I know in your query you say the genre is science fiction, but I'm having trouble seeing this in the first page. is it possible this is more urban fantasy? The query is long, far too long, which resulted in me skimming most of it. A query is supposed to leave the agent with a very basic idea of the story's premise. This query is written more like a book report with the way the facts are told. Chuck Sambuchino lists a great example of successful query here (though there are dozens to look at!) if you want to see what I mean. (

It's not that this query is bad, per se, but it's so long that I find myself wondering what the book is actually about. There's just so much information.

As for the first 250 words, the writing is solid, but there's no hook for me. I don't feel as though I've been captured. I'm not asking questions. It's a plane landing, beautifully described, but a plane landing nonetheless. The most urgent question I can think to ask while reading this passage is "Why is she surprised the tradition of hand-holding during landing still continued?" Is the relationship between her and her mother strained? Is her mother suffering from dementia? If neither of those things is the case, I shouldn't even really be asking the question about the hand-holding. And that makes me feel like I've been misled as a reader. It's hard to say without reading further.

I hope you'll take this as honest criticism and not too hard! The writing is good. It's solid. Work on something that draws the reader in, something more than a plane touching down and the main character marveling descriptively at all the ways in which a plane works.

E.D. said...

I'd recommend putting your opening query paragraph at the end of the query and jumping right into the hook. It might capture the agent's attention, and interest, more. Also, it's a very long query. Try tightening it a bit and only revealing the main thrust of the work.

I agree with the comment above about the pages. I had a hard time getting a sense of science fiction from your opening page.

Thanks for sharing!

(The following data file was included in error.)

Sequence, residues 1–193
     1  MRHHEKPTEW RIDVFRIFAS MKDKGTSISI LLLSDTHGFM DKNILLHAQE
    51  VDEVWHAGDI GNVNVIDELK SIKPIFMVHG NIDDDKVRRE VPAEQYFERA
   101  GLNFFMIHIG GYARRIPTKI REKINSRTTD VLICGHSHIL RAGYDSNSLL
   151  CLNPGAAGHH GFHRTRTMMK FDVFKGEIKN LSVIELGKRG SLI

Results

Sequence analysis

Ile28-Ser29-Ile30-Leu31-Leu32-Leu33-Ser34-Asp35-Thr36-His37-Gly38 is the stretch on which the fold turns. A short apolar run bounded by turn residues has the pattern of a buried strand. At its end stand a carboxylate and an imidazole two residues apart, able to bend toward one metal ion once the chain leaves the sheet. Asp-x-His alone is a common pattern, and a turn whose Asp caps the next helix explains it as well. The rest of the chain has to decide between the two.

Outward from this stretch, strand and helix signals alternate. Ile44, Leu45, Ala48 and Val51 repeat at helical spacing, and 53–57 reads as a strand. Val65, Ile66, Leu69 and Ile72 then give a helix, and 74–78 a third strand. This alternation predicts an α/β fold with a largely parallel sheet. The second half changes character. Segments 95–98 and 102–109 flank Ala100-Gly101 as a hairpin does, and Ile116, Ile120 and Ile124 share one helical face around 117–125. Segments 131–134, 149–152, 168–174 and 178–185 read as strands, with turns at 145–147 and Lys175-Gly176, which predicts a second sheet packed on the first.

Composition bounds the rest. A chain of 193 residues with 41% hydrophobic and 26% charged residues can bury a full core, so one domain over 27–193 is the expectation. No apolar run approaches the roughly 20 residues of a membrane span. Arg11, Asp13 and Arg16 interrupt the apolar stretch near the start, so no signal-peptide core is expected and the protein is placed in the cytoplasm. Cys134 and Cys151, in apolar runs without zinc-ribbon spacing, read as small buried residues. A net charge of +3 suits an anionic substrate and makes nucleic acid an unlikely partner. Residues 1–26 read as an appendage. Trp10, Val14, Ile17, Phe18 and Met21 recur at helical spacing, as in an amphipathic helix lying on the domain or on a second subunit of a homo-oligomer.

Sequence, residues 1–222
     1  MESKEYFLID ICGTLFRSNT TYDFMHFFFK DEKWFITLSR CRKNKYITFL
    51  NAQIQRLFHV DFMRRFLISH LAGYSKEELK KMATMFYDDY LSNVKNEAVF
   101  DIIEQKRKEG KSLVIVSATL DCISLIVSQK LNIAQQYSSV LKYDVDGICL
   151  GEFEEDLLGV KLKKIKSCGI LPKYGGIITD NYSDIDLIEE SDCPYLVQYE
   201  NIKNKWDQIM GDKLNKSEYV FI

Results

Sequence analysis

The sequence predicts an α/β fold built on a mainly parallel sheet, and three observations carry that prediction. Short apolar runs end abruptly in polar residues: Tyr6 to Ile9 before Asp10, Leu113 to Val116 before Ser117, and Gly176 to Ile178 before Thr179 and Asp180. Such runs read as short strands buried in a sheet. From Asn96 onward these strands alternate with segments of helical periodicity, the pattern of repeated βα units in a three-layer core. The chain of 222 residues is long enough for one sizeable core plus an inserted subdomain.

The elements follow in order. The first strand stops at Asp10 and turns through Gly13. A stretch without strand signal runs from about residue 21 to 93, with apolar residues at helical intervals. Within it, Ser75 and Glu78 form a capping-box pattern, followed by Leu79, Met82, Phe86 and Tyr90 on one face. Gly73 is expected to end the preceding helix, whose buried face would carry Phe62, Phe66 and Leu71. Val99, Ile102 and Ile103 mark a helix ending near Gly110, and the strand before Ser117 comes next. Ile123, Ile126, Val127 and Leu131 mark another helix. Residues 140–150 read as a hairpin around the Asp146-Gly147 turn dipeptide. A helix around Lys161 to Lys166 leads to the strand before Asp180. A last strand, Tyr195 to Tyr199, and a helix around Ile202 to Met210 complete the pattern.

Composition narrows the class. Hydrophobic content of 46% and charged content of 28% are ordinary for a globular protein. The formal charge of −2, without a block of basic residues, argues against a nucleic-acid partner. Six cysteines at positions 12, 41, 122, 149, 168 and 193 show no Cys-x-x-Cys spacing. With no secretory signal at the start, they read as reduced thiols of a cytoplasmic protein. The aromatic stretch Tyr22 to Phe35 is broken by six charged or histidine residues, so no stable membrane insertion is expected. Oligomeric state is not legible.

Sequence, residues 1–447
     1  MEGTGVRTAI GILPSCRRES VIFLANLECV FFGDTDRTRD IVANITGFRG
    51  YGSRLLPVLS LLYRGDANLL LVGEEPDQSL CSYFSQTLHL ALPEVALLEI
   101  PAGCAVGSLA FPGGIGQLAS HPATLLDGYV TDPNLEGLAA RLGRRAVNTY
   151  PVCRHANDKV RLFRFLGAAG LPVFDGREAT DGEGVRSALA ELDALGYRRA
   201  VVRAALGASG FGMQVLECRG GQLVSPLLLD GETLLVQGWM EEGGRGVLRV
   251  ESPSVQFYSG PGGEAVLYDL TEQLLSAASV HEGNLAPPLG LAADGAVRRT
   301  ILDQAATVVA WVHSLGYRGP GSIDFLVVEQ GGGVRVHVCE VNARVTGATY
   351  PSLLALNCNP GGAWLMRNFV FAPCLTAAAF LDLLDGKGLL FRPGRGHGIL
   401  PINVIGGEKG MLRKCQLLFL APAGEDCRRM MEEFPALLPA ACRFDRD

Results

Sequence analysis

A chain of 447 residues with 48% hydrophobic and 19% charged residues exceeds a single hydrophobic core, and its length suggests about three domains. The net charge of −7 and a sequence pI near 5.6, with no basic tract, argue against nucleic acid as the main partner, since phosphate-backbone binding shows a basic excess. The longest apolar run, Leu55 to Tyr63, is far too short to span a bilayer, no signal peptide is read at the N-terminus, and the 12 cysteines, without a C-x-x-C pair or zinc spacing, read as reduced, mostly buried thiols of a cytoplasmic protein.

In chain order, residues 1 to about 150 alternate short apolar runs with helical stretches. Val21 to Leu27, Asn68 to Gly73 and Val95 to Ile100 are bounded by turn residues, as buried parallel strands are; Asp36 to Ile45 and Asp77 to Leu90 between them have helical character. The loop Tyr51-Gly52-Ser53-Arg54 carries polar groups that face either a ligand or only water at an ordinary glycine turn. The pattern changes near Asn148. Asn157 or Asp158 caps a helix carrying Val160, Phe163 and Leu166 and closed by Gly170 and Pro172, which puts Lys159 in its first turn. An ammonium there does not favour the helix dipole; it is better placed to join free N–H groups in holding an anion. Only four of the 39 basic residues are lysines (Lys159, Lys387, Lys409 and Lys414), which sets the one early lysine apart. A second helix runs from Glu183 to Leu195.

The Agent said...

While your first paragraph is a bit unconventional and I think it could be rewritten in a stronger way, you do give me the word count and genre and tell me what the novel is about right away - and right away I'm intrigued and what to read more. Science Fiction set in the Bavarian forests of Germany? I'm in.

The first half of your second paragraph is strong. It sets the stage well and tells me the age of the characters, their background, and the setting. Well done. But when you get to the sentence: "Sebastian reveals to her that he is one of hundreds of immortals on Earth called Guides, who have the ability to travel to another dimension." - I was a bit confused. First, maybe you'd want to put that in the next paragraph. And second, you lose me when you keep going: "to transition the inhabitants of our dimension to Beta when the earth is no longer hospitable for life, or other forces threaten our current dimension. Lena learns that like him, she has no copy of herself in Beta and is destined to become a Guide." - I have no idea what is going on here. What is a Guide? What is a Beta? Why does Lena have no copy of herself there?

Why would Lena realize the she needs to leave the life she knows and break from all relationships?

While I like a lot of what is going on here I'm having a hard time following the idea that in another dimension Lena is a different person and married to Sebastian.

However, I really do like Science Fiction, so I'd be interested in reading the text to see if there's a great voice or great writing. Perhaps the text explains a lot more than the query.

The text:

I think you spend too much time describing the plane's landing and her feelings about flying, being there with her mother etc.

I like the last paragraph a bit better because you tell us we are in Munich, but then you skip to her mother irritating other passengers and in general I feel like there's too much going on in this first scene - but also not enough. What do I mean? On the one hand, you focus on so many details that it makes me feel like something is going to happen on this flight landing - but then the flight landing ends up being completely normal and nothing much happens. When you draw a reader's attention to so many details, it makes us think that they are important, and by the end of this very short passage I was confused as to why all these details were important when it just feels like a run of the mill airplane landing. What if you started your book in Germany? Also, from your query you didn't mention that there was a mother involved at all, so it surprised me that she is present so early on in the book.

I'm not sure there's enough here to cause me to read on - but I might skip ahead to see what happens when she meets Sebastian and see what the science fiction element are like.